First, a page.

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Black River Falls High School students knew what to expect when they signed up for Paul Rykken’s courses — hard work.
Yet, students readily and eagerly enrolled in his courses each year as they recognized that Rykken was dedicated to their growth and learning as well as his own. In the last two decades, he attended over a dozen nationwide summer seminars, which focused on topics such as the Underground Railroad, the Civil War, the era of George Washington, and American Indian Studies.
Rykken began teaching in 1979, and taught in Wisconsin since 1990. His instruction over time grew to include AP American History, US and Global Politics, Law and Society, and notably, Ho-Chunk and Ethnic Studies. After over 40 years in the classroom, Rykken retired from full-time high school teaching. He continues his work as an adjunct instructor with UW-Green Bay’s First Nation Studies Department, teaching virtually through the Dual Enrollment Access Academy.
Recognized specifically for his integration of American Indian Studies into his instruction, Rykken received the 2014 Wisconsin History Teacher of the Year, an award presented by the Gilder Lehrman Institute of American History to the best history teachers in the United States. Additionally, the Wisconsin Indian Education Association honored Rykken with a Friend of Indian Education Award in 1997 for his successful collaborations with First Nations educators and communities of Wisconsin, partnerships that ultimately led the Black River Falls School District to center Culturally Responsive Teaching (CRT) as a guiding principle.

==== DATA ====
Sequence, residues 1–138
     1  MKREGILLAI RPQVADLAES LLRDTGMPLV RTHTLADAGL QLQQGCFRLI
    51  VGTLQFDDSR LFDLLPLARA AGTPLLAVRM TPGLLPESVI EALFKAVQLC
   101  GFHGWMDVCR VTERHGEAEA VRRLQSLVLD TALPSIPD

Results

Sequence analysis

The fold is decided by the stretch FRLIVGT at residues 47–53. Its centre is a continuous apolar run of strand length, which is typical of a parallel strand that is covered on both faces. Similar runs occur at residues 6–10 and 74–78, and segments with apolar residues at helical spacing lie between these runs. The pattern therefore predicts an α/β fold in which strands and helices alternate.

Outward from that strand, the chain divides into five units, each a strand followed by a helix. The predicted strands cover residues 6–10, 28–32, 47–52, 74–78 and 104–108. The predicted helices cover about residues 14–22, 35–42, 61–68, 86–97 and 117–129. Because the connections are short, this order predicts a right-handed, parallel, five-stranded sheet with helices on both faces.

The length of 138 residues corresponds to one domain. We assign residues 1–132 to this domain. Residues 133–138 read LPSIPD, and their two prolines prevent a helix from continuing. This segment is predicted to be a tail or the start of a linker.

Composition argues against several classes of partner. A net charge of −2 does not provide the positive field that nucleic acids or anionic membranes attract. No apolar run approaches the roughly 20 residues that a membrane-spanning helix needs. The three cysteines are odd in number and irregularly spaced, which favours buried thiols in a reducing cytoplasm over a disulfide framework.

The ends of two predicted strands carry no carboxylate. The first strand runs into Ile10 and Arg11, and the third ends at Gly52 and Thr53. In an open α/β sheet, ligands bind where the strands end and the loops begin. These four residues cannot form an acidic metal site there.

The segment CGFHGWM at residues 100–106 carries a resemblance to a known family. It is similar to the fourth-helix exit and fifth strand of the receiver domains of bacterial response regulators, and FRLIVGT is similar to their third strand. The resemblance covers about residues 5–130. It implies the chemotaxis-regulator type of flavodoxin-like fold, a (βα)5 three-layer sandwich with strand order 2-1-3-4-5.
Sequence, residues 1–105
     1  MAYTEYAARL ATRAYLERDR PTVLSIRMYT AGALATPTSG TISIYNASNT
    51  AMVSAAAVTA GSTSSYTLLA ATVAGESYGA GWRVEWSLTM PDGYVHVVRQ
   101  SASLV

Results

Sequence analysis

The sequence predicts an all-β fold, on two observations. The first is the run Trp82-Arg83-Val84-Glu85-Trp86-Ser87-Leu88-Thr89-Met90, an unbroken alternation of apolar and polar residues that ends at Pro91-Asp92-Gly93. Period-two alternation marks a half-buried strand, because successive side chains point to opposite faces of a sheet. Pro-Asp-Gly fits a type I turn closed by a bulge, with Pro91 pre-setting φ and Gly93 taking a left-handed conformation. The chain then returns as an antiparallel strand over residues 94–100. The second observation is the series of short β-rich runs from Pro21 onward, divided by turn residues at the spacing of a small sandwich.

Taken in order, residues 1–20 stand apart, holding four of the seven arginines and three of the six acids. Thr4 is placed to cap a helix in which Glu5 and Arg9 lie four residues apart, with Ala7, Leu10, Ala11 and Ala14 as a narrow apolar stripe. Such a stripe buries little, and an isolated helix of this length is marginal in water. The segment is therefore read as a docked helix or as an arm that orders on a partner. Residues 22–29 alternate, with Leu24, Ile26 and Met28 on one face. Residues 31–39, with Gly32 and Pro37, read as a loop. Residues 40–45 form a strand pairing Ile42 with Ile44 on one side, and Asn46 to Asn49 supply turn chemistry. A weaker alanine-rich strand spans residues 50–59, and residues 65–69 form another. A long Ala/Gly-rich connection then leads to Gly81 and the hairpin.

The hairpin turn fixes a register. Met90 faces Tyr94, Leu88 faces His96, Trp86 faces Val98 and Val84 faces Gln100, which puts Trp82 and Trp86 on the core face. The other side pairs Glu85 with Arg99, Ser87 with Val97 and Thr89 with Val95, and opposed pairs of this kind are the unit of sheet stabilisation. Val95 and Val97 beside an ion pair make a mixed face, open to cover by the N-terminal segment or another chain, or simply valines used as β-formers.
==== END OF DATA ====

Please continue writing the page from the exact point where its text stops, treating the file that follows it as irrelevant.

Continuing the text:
Rykken worked with Ho-Chunk educators, elected officials, elders, and community members to develop a CRT framework for both the middle and high schools in Black River Falls. He now shares his approach for developing partnerships with First Nations educators and communities and for integrating American Indian Studies in presentations he calls “The Journey from Act 31 to Culturally Responsive Teaching.” In his presentations and publications, Rykken always states, “Our guiding principle, from the start, was to consider what was best for all our students, particularly when it came to understanding their history.”